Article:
FOB (Continued from ‘Ya tink it easy’) – By Geoff Burrowes

FOB (Continued from ‘Ya tink it easy’)

By Geoff Burrowes

When I left school my first job was at B.G. Insurance Agencies. My boss was a friend of my dad’s,  a big strapping man called Clarence Hill and my manager was Ayube Khan a kind, gentle young man (we were all young then) who taught me the job. We were an Insurance agency representing, among others, Lloyds of London. We insured shipped cargos and when clients requested insurance we has to calculate the premiums. One of the categories was F.O.B. which meant “Freight On Board”! The FOB I’m telling you about was not that!

It meant Fresh Off the Boat! All immigrants experience this regardless of how they got here! In a new country the food is different, customs are different, the patterns of speech are different and we had to know that yachtins are referred to as sneakers and singlets were wife-beaters or tshirts!       

We had a soft landing in Canada as my aunt Doreen and my cousin Mike looked after us from day one. Mike was at Pearson to meet us as and once we had cleared customs he shepherded us into Toronto.  Well that was the plan until I picked up the wrong suitcase from the carousel and we only discovered it when we loaded the car. We had to go back to the carousel where fortunately I found the right bag and we were on our way.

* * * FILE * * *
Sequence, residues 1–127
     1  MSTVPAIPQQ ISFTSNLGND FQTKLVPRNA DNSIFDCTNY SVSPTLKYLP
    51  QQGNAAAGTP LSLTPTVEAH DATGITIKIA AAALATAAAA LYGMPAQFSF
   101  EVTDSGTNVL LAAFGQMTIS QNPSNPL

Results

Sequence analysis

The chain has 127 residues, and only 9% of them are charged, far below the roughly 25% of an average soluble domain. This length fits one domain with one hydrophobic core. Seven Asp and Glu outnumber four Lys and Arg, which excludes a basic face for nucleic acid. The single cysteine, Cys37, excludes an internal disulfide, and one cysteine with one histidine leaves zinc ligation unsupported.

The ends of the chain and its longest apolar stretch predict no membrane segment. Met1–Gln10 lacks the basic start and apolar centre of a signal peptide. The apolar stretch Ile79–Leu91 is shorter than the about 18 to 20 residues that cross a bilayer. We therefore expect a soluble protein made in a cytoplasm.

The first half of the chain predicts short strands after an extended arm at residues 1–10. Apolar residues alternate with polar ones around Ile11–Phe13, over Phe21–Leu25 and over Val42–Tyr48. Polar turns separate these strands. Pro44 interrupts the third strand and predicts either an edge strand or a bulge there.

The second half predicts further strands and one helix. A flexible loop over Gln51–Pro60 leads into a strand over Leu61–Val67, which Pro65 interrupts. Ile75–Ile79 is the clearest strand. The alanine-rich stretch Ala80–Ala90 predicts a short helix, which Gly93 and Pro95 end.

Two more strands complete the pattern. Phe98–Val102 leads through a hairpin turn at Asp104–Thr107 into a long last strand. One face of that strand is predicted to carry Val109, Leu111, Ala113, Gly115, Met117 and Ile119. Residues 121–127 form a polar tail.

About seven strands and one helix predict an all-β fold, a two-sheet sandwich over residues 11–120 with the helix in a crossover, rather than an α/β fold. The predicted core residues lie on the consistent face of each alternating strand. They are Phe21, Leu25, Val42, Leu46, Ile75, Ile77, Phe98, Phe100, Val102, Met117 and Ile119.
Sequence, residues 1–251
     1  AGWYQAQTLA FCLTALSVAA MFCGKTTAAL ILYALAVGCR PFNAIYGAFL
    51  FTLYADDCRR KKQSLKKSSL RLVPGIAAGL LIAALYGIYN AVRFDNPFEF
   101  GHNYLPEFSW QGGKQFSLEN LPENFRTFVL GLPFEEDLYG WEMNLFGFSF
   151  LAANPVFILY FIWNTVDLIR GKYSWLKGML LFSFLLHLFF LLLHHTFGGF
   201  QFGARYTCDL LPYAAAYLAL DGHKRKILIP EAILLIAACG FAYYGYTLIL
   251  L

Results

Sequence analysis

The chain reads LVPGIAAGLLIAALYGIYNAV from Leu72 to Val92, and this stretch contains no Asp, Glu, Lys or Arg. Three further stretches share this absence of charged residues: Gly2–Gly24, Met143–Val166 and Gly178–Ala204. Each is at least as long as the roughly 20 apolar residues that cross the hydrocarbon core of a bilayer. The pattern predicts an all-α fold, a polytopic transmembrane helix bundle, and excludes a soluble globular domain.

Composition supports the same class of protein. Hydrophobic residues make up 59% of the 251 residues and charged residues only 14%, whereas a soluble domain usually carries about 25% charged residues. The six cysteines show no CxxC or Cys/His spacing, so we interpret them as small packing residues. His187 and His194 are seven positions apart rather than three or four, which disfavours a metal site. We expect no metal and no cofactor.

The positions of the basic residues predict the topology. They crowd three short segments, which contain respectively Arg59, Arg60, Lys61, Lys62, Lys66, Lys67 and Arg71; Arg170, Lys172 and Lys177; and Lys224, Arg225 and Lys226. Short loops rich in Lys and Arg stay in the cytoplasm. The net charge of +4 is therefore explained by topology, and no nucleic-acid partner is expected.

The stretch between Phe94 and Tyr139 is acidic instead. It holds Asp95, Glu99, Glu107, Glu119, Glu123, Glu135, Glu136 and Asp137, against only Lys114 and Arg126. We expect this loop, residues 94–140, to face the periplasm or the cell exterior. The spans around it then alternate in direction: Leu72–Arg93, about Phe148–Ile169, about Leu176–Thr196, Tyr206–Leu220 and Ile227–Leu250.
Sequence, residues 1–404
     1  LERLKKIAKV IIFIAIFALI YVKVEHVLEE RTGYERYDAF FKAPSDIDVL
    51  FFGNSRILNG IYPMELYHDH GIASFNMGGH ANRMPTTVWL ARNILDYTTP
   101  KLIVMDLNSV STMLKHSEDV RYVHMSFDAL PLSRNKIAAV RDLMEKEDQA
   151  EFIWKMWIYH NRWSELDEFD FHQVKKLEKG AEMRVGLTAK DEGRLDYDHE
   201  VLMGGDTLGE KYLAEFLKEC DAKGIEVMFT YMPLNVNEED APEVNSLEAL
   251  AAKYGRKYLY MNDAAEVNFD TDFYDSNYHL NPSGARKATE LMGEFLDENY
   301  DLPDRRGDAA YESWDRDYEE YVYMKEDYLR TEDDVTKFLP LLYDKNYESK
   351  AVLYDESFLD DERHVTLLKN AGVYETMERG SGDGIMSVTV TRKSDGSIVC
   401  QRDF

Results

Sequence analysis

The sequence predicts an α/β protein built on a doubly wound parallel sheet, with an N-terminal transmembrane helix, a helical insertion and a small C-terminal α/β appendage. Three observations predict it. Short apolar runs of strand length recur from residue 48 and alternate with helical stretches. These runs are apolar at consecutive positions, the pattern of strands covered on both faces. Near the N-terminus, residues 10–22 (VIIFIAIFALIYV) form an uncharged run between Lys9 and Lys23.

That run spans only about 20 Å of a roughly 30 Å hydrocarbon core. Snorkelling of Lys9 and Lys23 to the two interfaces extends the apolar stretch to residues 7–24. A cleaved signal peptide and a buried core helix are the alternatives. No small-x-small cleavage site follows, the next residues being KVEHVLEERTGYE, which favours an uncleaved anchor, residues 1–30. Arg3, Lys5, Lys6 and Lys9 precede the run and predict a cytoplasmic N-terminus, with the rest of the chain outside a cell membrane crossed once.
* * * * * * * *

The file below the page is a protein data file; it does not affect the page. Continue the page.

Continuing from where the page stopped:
Mike, after showing us to our rooms, told me what cards we needed to apply for, worked out a starting budget and gave me the names of some headhunters who could help me get a job. We had decided that as long as it was practical I would work and Norma would look after our family, which included  three fast-growing boys with gargatuan appetites and a child-like husband who had not a clue about what he was subjecting his wife to!

I was blessed as I found a job in my field within 8 days. My second phone call to a headhunter was successful until, on hearing my Guyanese accent asked me to send him a photograph. When I realized he was asking me that to determine my race I declined. Fortunately on my first call I lucked out! I got through to a vice president of Olivetti who was from Jamaica who was only interested in my selling abilities, not my race. His name was  Mike Virtue and as his name suggested, a stand up guy! After an interview I got the job and started working the following week.

Before I left Guyana, a friend of mine, Desmond Hill, who had emigrated the year before I did gave me a valuable piece of advice. He said “Man distances long here, whatever you have to do without, get a car.” A piece of advice I still thank him for. The day after I got my job I went car-shopping and by a great piece of luck, bought the cheapest car I could find, a Honda Civic. It turned out to be one of the best cars I ever owned! We would pile the car full of the children’s  friends and  go out to the circus or CNE or Pioneer Village and have a wonderful time. I would just like to say this was before seat belt laws, so we often had many more passengers than the law today allows!!

Knowing what I know now I would have applied for a job in the public service when I first arrived. The benefits public servants enjoy in Canada are significant but coming from Guyana I opted for the field I was familiar with – well it allowed me to provide for my family for all of my working life and in my early years I enjoyed selling systems. As I grew older I found it harder. Wha fo’ do?